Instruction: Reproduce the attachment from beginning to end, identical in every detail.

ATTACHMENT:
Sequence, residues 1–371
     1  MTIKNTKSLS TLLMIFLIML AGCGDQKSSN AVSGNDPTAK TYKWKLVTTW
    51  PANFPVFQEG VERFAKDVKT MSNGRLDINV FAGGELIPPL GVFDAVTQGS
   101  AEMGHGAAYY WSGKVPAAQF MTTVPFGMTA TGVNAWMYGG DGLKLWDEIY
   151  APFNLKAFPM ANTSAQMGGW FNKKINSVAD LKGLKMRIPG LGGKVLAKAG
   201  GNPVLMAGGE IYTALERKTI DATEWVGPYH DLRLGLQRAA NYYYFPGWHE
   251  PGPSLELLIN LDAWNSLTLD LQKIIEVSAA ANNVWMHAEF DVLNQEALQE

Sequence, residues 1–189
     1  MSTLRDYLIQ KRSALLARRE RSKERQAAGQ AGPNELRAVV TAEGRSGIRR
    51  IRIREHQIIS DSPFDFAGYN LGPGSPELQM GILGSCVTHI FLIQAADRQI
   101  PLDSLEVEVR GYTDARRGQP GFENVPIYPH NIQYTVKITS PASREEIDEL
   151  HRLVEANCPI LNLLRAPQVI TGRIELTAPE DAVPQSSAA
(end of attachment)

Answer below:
Sequence, residues 1–371
     1  MTIKNTKSLS TLLMIFLIML AGCGDQKSSN AVSGNDPTAK TYKWKLVTTW
    51  PANFPVFQEG VERFAKDVKT MSNGRLDINV FAGGELIPPL GVFDAVTQGS
   101  AEMGHGAAYY WSGKVPAAQF MTTVPFGMTA TGVNAWMYGG DGLKLWDEIY
   151  APFNLKAFPM ANTSAQMGGW FNKKINSVAD LKGLKMRIPG LGGKVLAKAG
   201  GNPVLMAGGE IYTALERKTI DATEWVGPYH DLRLGLQRAA NYYYFPGWHE
   251  PGPSLELLIN LDAWNSLTLD LQKIIEVSAA ANNVWMHAEF DVLNQEALQE

Sequence, residues 1–189
     1  MSTLRDYLIQ KRSALLARRE RSKERQAAGQ AGPNELRAVV TAEGRSGIRR
    51  IRIREHQIIS DSPFDFAGYN LGPGSPELQM GILGSCVTHI FLIQAADRQI
   101  PLDSLEVEVR GYTDARRGQP GFENVPIYPH NIQYTVKITS PASREEIDEL
   151  HRLVEANCPI LNLLRAPQVI TGRIELTAPE DAVPQSSAA